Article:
Wireless Healthcare, a company based in England, recently released a report entitled “Wireless Based Disease Management: Google, Microsoft and IBM in the Healthcare Market.” Naturally, I can’t read this report because it costs almost $400 USD. I noticed it, however, because it addresses the impact of online availability of genomic/genetic testing results. Specifically, the report addresses (at least I believe it does!) the advisability of online advertising displayed alongside health care records.

According to news releases and a blog post:

“Wireless Healthcare forecast patients gaining access to their genetic profile and managing their health using an online patient record, but they expressed doubts about the efficacy of banner advertisements as revenue model for companies that offer such services.”

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James Sorenson, Founder of Sorenson Genomics

There’s a great article in last week’s USA Today about James Sorenson, the billionaire founder of Sorenson Genomics.  It’s a great read, full of information about this interesting visionary.

The only thing I didn’t like was the picture of Mr. Sorenson touching the human femur being tested in the forensic DNA lab – the scientist in me grimaced at the potential contamination!

(Thanks to Hsien for the link!)

Comment on ‘A Lonely Surname’

Earlier this week I posted about my rare surname and the genetic bottleneck my particular branch of the family tree is experiencing. Later that day a visitor stopped by and left their own story (as a comment) relating to family trees and genetic genealogy, and it was so interesting that I thought I’d share it:

“Blaine said:
“You would think that after 193 years there should be hundreds of us, but that’s not how genealogy or genetics works.”

I was shocked when I realized that my brothers are at the end state of our yDNA.
Lorenzo P. (our gr-grandfather)from Italy had three sons. Two “daughtered out.” Our grandfather Agostino had two sons. One son had a son, the other son had two sons. None of those sons have had children. One had died, and the others are no longer married, and not likely to do so again. That is the end of Lorenzo’s line in the US. Perhaps he had brothers in Italy that we have yet to find, and the yDNA line continues.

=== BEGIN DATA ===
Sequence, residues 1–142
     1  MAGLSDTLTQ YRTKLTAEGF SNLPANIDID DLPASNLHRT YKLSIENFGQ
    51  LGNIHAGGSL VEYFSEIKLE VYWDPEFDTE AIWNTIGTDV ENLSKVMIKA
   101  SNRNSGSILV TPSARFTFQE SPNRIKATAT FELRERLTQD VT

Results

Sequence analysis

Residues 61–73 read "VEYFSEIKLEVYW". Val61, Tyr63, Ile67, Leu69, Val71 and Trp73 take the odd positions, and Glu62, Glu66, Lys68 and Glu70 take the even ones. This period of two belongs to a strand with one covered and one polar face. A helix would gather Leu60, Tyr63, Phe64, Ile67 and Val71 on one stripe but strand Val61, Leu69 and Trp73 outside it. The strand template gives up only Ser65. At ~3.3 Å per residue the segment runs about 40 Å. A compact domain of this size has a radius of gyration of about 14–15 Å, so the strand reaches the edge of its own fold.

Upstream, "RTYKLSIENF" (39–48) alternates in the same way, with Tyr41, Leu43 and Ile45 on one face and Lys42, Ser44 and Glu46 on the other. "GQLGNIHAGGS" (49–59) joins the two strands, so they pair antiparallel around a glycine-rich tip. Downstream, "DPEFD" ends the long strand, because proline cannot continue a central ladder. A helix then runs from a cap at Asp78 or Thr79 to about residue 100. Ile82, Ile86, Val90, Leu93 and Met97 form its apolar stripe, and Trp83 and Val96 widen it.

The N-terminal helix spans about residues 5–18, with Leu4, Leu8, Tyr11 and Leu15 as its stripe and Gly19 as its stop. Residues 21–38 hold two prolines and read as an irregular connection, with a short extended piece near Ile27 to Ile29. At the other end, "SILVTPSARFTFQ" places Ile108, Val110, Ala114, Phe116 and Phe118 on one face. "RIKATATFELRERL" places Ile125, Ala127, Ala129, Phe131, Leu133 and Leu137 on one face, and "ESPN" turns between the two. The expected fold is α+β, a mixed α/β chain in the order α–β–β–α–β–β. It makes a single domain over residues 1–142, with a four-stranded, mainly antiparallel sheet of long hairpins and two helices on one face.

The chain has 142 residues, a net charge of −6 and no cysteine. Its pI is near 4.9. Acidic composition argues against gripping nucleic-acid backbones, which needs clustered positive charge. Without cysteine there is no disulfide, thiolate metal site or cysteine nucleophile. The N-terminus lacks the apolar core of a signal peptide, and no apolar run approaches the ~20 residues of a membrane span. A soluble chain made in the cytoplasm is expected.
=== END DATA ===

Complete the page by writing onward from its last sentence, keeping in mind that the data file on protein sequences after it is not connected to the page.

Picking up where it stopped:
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DNA IS a Big Deal


Last Thursday, Michael Neill, a noted genealogist and author of, posted an article entitled “Is DNA That Big of a Deal?”

Mr. Neill, who states that he is “tired of all they hype” writes:

“While I admit there are times where DNA analysis can be helpful, in the vast majority of cases DNA does not provide the type of relationship precision we need. Knowing that two people are related “somehow” “somewhere” “an unknown number of generations back” is typically not the kind of information genealogists need.”

He also believes that instead of spending money and effort on genetic genealogy, researchers should be digitizing and preserving records.

I agree with much of what Mr. Neill says – DNA doesn’t always work, DNA isn’t for all genealogists, and genealogists MUST help preserve endangered records.But, unfortunately, paper records don’t hold all the answers.I’ve always believed that genetic genealogy works best when it is combined with traditional genealogical research.Inside each one of my three trillion cells are a few strands of DNA that serve as records of their own – why shouldn’t genealogists get excited when exploring the most personal record they’ll ever find?